Amid COVID Surge in LA, a 'Health Care Nightmare'

Hospitals are having to make 'tough decisions' about patient care
By Jenn Gidman,  Newser Staff
Posted Jan 5, 2021 9:45 AM CST
In LA County, a 'Point of Crisis'
This Sept. 30, 2011, file photo shows the emergency room entrance at the Henry Mayo Newhall Hospital in Santa Clarita, Calif.   (AP Photo/Jason Redmond, File)

The spike of COVID cases in Los Angeles County has brought hospitals there to a "point of crisis," according to the county's health services chief, with hospitals discharging people more quickly than usual to make room for new patients, and several area hospitals declaring "internal disasters" over the weekend, per the Los Angeles Daily News. A Monday memo from the county's Emergency Medical Services Agency instructs ambulance crews to administer supplemental oxygen only to patients "with oxygen saturation below 90%," with few exceptions. A second memo directs that adult patients who don't seem like they're going to make it "shall not be transported" to any area hospitals. That means if a patient's heart has stopped, with no pulse or breathing present, they aren't to be brought to a hospital unless they can be resuscitated and have their pulse brought back at the scene.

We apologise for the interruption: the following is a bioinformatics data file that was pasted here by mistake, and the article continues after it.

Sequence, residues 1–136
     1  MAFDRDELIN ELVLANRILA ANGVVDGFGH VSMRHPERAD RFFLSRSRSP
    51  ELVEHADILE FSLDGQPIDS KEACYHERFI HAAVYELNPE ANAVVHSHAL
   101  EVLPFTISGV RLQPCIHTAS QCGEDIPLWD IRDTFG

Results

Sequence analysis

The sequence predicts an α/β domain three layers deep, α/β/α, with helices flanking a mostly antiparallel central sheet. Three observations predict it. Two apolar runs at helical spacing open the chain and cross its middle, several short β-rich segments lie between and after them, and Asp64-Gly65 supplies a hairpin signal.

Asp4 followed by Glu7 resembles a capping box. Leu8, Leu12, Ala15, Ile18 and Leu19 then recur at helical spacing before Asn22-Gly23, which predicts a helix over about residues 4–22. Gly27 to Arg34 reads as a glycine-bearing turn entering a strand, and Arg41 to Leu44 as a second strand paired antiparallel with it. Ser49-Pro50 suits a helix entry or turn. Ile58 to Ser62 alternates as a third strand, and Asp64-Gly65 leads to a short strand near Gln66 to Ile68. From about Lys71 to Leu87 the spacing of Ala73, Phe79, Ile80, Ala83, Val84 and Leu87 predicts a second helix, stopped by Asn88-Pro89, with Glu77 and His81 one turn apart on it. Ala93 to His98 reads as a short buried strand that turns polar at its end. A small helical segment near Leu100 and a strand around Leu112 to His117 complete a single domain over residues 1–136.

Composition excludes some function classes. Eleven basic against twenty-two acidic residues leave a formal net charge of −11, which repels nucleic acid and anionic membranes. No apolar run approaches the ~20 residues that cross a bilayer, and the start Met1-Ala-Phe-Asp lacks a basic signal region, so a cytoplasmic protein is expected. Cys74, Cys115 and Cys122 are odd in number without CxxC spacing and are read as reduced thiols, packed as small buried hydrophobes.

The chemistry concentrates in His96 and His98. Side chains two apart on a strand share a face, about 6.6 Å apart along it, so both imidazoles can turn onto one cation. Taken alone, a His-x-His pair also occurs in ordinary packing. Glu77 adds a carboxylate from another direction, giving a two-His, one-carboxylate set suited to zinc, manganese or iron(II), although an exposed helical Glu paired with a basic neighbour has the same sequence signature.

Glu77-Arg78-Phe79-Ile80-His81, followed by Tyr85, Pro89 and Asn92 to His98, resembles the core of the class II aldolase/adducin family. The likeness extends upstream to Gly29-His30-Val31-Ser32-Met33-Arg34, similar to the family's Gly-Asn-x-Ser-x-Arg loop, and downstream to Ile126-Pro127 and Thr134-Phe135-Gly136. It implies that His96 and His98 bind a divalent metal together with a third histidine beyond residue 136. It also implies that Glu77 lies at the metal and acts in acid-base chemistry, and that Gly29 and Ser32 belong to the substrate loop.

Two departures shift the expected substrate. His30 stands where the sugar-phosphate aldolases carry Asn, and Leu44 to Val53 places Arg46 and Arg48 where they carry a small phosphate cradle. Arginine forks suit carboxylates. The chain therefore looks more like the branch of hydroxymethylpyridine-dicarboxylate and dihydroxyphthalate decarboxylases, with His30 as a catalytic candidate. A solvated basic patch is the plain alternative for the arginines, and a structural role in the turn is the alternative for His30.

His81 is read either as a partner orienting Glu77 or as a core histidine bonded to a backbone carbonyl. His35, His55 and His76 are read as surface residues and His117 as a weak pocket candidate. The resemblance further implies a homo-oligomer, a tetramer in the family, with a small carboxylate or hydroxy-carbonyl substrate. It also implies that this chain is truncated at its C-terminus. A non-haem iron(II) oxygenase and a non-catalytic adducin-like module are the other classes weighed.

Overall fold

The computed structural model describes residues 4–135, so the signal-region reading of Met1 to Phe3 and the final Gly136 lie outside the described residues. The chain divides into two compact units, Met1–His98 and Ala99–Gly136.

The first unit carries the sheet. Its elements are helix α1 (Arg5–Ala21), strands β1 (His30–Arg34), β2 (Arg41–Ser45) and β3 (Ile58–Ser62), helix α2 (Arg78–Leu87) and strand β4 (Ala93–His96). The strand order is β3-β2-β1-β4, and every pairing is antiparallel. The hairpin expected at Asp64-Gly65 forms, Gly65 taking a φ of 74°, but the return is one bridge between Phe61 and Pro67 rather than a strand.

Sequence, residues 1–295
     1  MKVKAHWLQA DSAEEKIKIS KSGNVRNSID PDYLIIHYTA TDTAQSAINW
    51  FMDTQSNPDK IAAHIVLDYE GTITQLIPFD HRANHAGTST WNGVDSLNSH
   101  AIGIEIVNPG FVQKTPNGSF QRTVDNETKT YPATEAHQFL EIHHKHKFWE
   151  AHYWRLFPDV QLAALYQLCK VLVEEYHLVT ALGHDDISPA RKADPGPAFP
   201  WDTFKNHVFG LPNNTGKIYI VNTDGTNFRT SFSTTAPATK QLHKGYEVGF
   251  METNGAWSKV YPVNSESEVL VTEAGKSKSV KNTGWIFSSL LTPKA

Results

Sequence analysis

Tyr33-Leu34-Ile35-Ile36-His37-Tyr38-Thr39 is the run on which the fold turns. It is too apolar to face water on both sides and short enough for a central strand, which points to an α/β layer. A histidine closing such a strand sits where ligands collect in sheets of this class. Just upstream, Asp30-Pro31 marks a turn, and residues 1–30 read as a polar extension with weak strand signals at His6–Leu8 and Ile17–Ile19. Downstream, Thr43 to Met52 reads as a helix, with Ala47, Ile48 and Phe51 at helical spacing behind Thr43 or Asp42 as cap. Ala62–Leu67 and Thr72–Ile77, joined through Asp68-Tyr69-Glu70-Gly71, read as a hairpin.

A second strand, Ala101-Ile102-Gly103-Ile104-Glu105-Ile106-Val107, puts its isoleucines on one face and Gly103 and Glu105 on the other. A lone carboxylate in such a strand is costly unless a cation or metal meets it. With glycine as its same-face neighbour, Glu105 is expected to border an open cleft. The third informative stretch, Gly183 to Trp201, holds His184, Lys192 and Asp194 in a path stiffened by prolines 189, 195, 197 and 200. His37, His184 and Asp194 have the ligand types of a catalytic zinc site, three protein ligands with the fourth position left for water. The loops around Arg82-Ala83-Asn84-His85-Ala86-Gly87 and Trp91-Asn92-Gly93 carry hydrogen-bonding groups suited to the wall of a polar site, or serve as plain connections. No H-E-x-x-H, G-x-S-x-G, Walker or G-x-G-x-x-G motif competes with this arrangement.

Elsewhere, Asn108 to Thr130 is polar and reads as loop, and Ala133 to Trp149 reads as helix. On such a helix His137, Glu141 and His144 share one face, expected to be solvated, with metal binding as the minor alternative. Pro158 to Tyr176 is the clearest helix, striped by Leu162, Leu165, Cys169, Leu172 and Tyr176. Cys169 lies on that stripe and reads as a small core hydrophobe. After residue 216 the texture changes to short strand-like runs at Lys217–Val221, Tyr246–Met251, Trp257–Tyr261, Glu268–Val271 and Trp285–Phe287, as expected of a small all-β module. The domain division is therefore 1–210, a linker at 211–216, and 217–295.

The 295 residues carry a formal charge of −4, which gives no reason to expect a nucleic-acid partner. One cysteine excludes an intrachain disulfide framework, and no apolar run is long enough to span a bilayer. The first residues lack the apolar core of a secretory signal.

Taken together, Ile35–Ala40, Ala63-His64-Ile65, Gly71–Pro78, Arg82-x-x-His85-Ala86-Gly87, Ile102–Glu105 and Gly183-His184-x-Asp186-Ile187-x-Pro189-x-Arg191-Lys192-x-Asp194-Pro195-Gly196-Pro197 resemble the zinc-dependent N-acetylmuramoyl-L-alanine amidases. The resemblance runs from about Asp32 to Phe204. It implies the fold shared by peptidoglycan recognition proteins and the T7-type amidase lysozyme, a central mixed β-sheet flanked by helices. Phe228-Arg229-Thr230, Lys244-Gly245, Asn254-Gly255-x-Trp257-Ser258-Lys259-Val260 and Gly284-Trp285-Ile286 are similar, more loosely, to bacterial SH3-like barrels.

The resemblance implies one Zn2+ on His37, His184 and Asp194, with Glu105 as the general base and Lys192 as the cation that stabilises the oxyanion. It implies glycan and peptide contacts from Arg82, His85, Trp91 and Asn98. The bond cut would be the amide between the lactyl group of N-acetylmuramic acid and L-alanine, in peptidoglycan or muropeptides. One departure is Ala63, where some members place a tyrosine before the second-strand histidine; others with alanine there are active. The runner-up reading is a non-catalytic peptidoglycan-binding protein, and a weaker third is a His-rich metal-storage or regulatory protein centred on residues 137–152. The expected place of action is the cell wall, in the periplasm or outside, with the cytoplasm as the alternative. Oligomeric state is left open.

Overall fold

"Many hospitals ... are having to make very tough decisions about patient care," Dr. Christina Ghaly, the county's health services director, tells the Los Angeles Times, which notes some patients are waiting up to eight hours in ambulances before being taken into packed ERs. To make matters worse, Ghaly says hospitals likely haven't yet seen the uptick in virus cases expected after holiday gatherings. EMSA chief Dr. Marianne Gausche-Hill stresses to CBS2 that the recent memos from her agency don't mean patients are being abandoned. "We are absolutely doing best-practice resuscitation," she says, just "in the field," without putting an extra strain on hospitals. KABC elaborates on the county's "health care nightmare," with residents being urged not to call 911 unless absolutely necessary. "If you need emergency medical services through 911 ... your care may be compromised or significantly delayed," says Dr. Mark Eckstein, who heads up the city fire department's EMS Bureau. (More Los Angeles County stories.)

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